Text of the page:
A woman shares the aftermath of being drugged and raped, and the mishandlings of her case in her solo show at the Center for Contemporary Arts tonight. Heather Marlowe, a San Francisco storyteller and playwright, received national attention for “The Haze” when she debuted it in 2014.
Her one-act “tragicomedy” resulted in the San Francisco Police Department processing more than 750 untested rape kits, including hers, left untested for years. CCA says the performance comes to New Mexico at a time when the state “faces its own cache of at least 5,300 untested rape kits.”
“The Haze” will be performed at 6 p.m. tonight at the CCA Tank Garage, 1050 Old Pecos Trail. A talk-back will follow. Admission is $10.
HARVEY WEEKEND: Once again, Fred Harvey will be honored through a weekendlong historical celebration in Santa Fe and Las Vegas, N.M. The eighth annual Fred Harvey History Weekend starts today at 1 p.m. at the New Mexico History Museum, and continues all day Saturday and Sunday.
Harvey, a 19th-century hospitality entrepreneur famous for creating a chain of Western hotels and restaurants along the country’s expanding rail lines, has a special legacy in New Mexico’s development as a tourist destination. Santa Fe’s La Fonda Hotel was a “Harvey House,” as was Las Vegas’ Hotel Castaneda, which is currently being revived.
The weekend kicks off with a series of free talks at the History Museum, 113 Lincoln Ave., from 1-5 p.m. Topics include a look at “new” Fred Harvey history and an update on developer Allan Affeldt’s renovation of both La Castañeda and Lamy’s Legal Tender saloon. Santa Fe Antiques, 1006 Marquez Place, will also hold a Harvey-themed open house at 5 p.m.
Saturday’s festivities start with coffee and breakfast at 10 a.m. at Lamy’s Legal Tender, 151 Old Lamy Trail. RSVP for the breakfast at firstname.lastname@example.org. The free historical talks continue from 1-5 p.m. at the museum. Saturday’s presentations include a lecture by Harvey’s great-great-granddaughter, an exploration of the cooking in Harvey restaurants and railroad dining cars, and a screening of new interviews with former Harvey Girls.
A special dinner with recreations of dishes from Harvey’s hotels, restaurants and dining cars is at 6 p.m. at La Fonda. Cooking demonstrations will go on between courses. Tickets for the dinner, at $150 per person, are required. They are available at ticketssantafe.org.
Sunday’s events will all be in Las Vegas, starting with a tour of the former Montezuma Hotel, which is now the home of United World College, from 10 a.m. to noon (reserve your spot at email@example.com). A reservation-only brunch at takes place at The Range Cafe on the Plaza, 230 Plaza Park (reserve a seat by calling 505-425-3591, tickets are $25 per person). At 2 p.m., there will be a tour of La Castañeda and a screening of short documentaries starring Castañeda Harvey Girls.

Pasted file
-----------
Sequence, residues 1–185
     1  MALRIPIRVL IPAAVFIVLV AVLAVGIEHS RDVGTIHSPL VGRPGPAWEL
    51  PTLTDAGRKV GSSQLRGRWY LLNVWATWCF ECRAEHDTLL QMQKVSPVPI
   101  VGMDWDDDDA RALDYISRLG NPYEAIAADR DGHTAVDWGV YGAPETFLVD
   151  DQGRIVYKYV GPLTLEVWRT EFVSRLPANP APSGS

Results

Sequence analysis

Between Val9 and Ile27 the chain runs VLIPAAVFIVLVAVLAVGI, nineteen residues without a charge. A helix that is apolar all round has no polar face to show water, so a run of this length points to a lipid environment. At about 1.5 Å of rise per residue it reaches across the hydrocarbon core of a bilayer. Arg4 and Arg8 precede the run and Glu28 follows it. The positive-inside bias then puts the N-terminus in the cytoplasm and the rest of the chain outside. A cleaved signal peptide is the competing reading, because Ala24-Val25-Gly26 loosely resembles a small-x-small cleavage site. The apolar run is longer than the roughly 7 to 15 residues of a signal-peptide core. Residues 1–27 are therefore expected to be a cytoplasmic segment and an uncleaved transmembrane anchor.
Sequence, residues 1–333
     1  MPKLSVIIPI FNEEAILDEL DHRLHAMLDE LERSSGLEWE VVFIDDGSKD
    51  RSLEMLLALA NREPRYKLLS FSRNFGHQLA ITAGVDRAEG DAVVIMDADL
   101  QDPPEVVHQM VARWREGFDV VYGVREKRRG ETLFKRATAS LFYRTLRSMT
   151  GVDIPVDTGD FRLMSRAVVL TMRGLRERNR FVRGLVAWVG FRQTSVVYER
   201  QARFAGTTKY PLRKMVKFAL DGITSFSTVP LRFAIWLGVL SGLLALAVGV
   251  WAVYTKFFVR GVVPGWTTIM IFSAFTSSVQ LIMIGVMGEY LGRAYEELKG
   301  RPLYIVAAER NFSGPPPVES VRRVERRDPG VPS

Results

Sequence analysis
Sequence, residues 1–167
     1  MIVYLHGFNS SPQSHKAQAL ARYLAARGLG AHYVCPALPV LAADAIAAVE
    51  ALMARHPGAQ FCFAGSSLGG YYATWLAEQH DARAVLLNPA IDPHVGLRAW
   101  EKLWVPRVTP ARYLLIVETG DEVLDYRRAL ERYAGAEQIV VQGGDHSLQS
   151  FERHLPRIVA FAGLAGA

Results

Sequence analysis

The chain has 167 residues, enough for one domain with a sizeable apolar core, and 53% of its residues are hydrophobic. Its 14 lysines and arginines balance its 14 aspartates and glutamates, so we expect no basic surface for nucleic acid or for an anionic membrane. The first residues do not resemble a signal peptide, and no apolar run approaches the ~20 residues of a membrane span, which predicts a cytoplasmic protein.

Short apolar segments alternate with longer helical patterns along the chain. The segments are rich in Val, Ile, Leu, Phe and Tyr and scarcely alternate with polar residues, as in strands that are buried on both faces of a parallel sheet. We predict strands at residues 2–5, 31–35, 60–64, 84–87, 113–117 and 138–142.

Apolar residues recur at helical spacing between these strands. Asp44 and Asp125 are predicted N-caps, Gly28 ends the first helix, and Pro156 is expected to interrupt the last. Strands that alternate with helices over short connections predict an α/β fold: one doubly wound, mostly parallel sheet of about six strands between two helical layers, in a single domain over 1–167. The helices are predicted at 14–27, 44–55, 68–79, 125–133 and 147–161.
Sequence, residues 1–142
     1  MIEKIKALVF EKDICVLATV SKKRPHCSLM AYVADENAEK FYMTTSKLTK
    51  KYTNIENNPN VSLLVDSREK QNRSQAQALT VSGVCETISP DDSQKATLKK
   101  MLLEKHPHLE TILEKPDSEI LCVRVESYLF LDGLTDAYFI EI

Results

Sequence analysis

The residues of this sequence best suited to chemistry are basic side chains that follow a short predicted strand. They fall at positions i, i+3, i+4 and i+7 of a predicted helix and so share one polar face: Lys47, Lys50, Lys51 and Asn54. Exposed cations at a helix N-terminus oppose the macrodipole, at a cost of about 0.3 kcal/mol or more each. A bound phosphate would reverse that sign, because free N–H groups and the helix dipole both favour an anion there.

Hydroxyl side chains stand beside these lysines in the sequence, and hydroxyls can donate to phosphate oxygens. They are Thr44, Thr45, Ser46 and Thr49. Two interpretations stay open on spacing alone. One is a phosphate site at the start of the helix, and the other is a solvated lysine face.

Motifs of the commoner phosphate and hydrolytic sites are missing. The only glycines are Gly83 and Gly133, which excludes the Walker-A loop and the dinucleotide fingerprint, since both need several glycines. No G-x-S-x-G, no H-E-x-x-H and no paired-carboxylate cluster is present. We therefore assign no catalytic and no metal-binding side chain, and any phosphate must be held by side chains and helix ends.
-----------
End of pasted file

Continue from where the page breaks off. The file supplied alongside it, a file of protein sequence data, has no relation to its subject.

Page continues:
For a full event list, including a schedule of Friday and Saturday’s History Museum talks, go to nmhistorymuseum.org. The talks are open to the public, but you can reserve seats at firstname.lastname@example.org.
INTERNMENT HISTORY: Throughout November, Santa Fe’s Southside library, 6599 Jaguar Dr., will host an exhibition and ongoing talks themed around World War II-era Japanese internment in New Mexico. The New Mexico Japanese American Citizens League’s (NMJACL) traveling exhibit, “Confinement in the Land of Enchantment,” includes artifacts and recreations of spaces created to educate the public about what happened at internment camps in Santa Fe, Fort Stanton, Old Raton Ranch and Lordsburg. Prior to the opening reception at 3:30 p.m. Saturday, Nov. 3, a forum will feature the project’s lead historian Andy Russell; Gail Okawa, a professor and historian whose grandfather was imprisoned in an internment camp; and NMJACL member Nikki Nojima-Louis. The discussion starts at 1:30 p.m. Scheduled events run through Nov. 27 and include more talks and films on the Japanese experience, as well as on the internment of Navajo people at the Bosque Redondo in the 19th century. The Santa Fe’s Dreamers Project is also hosting talks about “past and present migrant detention camps.” A full list of events is at santafelibrary.org.
TITLE THE UNTITLED: After success with the idea last year, ViVO Contemporary is once again allowing visitors to name artwork on display. “Untitled,” which will now be an annual event, opens with a reception tonight from 5-7 p.m. Next to each piece is a piece of paper on which passersby can list their own titles for the artwork, providing a look at how people interpret what they see. The show’s offerings are from the gallery’s represented artists, including photo mosaic artist Nina Glaser and kiln-fired glass artist Barrie Brown. “Untitled” will be at ViVO, 725 Canyon Rd., until Jan. 14.